Thomas M. Boles, 33, G.C.
Director of Development
La Habra, California
The Taxpayer Relief Act of 1997 contains good news
for those interested in charitable giving.
Happy New Year, and I pray it be a healthy, happy, and profitable year for you and yours!
A few months back, I wrote about the new Taxpayer Relief Act of 1997, and since that time Iíve been asked many questions, meaning I wasnít very clear in my explanation. There-fore, Iíll try to make it a little easier to understand, as if anything from tax laws is easy!
The Taxpayer Relief Act of 1997 contains good news for those wishing to make gifts in support of their charitable interests. Naturally, that is of special interest to Masonry, particularly the Scottish Rite. Hopefully, charitable giving can be a benefit not only to the Masonic philanthropies you favor but also a real benefit to you and your family in your daily lives.
In addition to significant tax cuts for many, this legislation retains important tax incentives for making charitable gifts. 1) There is no change in the amount of charitable gifts you can deduct from your taxable income each year; 2) Deductions beyond maximum amounts you can use this year can still be carried forward to future tax years; 3) You can still deduct the full value of securities and certain other properties that have increased in value since you have owned them; 4) Capital gains tax that would otherwise be due on the sale of donated property can still be completely avoided; 5) There continues to be no limit under Federal law on the amount that can be left to charitable interests through your estate.
There are, however, a number of provisions in the new law that may affect the timing of your gifts and the property you use to fund them. You may also find the new law will result in your having more resources available from which to make your charitable gifts. I believe the changes in the Capital Gains tax rates were fairly well covered in my previous article, and, therefore, Iíll not repeat that information, nor will I cover the higher tax rates on certain properties.
Most of the questions I received were about the special treatment for home sales. Under previous law, beginning at age 55, taxpayers could exclude from capital gains tax up to $125,000 in gain on a sale of a principal residence. The new law allows up to $250,000 per person ($500,000 for a married couple) to be exempted from capital gains tax on the sale of a principal residence. Furthermore, instead of the previous once in a lifetime exclusion, this new benefit can be used as often as once every two years by people of any age.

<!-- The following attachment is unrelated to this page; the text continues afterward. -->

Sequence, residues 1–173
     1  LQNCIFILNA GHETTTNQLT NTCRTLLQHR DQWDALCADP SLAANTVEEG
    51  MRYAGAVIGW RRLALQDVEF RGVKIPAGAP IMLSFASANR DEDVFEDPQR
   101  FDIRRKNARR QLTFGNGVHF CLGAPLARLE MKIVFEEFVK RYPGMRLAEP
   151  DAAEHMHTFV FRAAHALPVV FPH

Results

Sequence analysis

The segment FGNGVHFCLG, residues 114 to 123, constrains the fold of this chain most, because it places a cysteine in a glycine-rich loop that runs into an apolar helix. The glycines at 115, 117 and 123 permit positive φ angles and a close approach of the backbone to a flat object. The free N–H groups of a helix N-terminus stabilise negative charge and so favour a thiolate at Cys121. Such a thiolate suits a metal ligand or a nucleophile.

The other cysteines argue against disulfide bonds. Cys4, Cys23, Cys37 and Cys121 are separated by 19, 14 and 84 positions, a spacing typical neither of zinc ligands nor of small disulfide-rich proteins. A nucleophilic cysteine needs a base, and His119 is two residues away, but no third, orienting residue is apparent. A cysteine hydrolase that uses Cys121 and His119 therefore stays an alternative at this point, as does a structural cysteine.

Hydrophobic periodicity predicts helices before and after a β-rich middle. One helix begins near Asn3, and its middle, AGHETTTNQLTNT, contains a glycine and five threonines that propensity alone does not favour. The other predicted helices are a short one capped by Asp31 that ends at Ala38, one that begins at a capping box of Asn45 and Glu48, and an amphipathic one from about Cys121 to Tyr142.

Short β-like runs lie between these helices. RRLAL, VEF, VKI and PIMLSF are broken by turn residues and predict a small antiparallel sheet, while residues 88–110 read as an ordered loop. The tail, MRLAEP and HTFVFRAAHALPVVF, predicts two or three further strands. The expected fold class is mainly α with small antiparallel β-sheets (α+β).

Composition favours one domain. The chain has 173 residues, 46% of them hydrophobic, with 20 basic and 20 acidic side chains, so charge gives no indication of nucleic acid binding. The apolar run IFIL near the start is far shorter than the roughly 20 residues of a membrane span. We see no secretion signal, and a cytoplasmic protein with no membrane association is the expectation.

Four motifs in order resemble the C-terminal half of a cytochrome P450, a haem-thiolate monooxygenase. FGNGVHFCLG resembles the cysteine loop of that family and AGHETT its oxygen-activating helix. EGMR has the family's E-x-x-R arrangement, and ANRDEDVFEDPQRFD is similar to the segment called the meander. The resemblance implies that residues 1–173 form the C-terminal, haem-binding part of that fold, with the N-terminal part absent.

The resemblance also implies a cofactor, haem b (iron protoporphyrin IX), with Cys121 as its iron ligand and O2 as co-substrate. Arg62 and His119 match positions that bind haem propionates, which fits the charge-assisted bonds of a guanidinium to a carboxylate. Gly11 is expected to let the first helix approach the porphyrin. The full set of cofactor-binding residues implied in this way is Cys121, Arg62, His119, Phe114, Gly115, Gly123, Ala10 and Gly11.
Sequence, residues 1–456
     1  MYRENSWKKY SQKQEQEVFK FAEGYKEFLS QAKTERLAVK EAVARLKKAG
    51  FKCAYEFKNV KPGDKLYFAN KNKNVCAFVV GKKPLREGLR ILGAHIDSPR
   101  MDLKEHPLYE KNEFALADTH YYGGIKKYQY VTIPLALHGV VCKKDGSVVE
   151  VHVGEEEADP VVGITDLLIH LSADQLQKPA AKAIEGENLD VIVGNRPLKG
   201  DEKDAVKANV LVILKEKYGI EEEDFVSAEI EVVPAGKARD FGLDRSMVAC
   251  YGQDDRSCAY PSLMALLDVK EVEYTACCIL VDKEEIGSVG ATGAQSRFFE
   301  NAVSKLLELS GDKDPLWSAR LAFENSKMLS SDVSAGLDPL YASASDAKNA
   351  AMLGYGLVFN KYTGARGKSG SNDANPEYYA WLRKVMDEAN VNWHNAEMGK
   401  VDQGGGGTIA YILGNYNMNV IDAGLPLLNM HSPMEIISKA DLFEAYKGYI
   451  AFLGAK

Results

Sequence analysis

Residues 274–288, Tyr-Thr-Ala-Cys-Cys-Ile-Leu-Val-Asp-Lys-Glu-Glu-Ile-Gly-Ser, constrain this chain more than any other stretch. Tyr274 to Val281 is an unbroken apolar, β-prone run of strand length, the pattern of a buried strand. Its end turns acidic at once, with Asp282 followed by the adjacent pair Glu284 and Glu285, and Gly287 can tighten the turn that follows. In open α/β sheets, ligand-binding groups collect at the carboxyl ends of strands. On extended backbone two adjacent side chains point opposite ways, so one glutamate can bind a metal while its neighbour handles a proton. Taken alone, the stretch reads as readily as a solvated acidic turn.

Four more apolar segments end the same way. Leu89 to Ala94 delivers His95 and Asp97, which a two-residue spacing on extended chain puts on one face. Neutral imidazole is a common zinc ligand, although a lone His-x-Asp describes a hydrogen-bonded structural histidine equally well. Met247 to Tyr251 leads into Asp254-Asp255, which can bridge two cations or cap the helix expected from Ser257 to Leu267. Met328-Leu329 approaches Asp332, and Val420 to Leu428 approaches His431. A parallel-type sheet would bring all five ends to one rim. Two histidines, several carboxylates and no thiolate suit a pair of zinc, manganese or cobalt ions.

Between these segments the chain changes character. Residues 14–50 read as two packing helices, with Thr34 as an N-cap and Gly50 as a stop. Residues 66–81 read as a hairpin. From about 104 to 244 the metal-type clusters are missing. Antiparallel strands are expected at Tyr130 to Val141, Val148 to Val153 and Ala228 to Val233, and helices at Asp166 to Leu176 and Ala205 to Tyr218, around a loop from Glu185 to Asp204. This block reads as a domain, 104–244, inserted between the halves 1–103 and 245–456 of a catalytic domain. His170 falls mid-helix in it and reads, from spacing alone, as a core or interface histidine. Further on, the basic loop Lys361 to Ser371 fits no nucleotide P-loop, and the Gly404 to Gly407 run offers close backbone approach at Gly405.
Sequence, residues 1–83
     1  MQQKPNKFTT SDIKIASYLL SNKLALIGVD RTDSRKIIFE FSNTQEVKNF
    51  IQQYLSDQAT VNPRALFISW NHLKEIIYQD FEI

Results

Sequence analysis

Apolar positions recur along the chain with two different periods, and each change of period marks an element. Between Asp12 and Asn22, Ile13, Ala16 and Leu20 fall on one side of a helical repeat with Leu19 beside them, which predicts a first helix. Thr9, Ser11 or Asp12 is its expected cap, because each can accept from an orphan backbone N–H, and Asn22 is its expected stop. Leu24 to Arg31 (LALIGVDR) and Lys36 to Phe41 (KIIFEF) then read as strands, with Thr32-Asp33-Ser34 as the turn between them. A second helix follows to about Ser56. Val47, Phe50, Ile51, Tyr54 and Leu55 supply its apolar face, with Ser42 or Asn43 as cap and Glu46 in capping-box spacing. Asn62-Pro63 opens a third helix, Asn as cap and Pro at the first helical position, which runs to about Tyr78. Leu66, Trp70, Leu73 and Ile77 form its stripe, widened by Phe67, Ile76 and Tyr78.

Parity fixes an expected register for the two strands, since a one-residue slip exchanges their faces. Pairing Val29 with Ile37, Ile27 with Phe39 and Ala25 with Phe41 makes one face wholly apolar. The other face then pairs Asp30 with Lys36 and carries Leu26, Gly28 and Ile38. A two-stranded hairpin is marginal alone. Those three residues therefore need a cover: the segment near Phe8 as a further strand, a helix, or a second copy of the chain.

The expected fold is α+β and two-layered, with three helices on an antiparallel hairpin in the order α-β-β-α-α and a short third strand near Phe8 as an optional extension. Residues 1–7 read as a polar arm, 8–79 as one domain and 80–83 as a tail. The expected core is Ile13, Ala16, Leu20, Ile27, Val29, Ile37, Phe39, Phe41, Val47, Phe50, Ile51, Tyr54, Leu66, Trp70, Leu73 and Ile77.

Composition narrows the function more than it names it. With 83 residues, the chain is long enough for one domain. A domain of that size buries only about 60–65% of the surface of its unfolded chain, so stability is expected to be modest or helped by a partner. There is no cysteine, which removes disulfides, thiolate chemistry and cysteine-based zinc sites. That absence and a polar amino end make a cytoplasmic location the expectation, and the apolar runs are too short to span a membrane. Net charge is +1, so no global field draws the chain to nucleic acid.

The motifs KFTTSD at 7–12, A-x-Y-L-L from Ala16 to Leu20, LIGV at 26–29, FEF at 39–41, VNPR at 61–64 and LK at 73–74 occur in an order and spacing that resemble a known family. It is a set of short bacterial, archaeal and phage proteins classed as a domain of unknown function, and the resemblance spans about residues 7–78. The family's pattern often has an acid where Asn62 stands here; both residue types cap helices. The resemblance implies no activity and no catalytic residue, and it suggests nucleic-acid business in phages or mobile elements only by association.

Another important change to note is the fact that it is no longer possible to ďroll overĒ gain on the sale of a home into the purchase of another home of equal or greater value free of capital gains tax. Any gain realized over the $250,000 (or $500,000 for a couple) will now generally be taxed on a sale or exchange of a home, regardless of how the proceeds of the sale are reinvested. Note: other real estate falls into a number of different categories under the new law.
I trust this will make it easier to understand this new ďRelief Act.Ē It isnít easy, and I advise you to visit with your personal tax attorney or tax accountant if you are involved in anything that might be related to this new tax act. Which leaves my ďadĒ for this month to read:
It isnít your posterity, but your actions, that will perpetuate your memory.
Please Note: This information is distributed with the understanding that the author is not engaged in rendering legal, accounting, or other professional service. If legal advice or other expertise is required, the services of a competent professional should be sought. From: A Declaration of Principles jointly adopted by a Committee of the American Bar Association and a Committee of Publishers.
To receive more information on the benefits of giving appreciated assets to the Scottish Rite Foundation, S.J., USA, print this web page, fill out the requested information, and mail to the address below:
For an investment of securities and/or real estate, please run a calculation and send it to me based on an investment of $__________. Assume the cost basis of the asset (what was originally paid, less depreciation) is $__________.
My birth date is _________________; My spouseís is _________________.
Name ____________________________ Date _______________________
City _________________________ State ________ Zip _______________
Send to: Scottish Rite Foundation, c/o Thomas M. Boles,
1761 East Woodcrest Avenue, La Habra, CA 90631-3260
Brethren Benefit From Pooled Income Fund
What is one of the better ways you can benefit yourself and your family and, at the same time, support the Scottish Rite and its Childhood Language Disorders Program? The answer is simple: The Scottish Rite Pooled Income Fund!
The Scottish Rite Pooled Income Fund allows you and, if you wish, your wife and/or other beneficiary(ies) to receive a worry-free lifetime income as well as attractive tax benefits by joining the Fund via a financial gift to The Scottish Rite Foundation, S.J., USA. For more information call, 1-800-486-3331 or fax 202-387-1843.
Grand Commander Kleinknecht will personally respond to your inquiry. If he is not available, please leave your name and number, and the Grand Commander will return your call at his earliest opportunity. Through the Scottish Rite Pooled Income Fund, you can do well for yourself and your family while also doing good for others!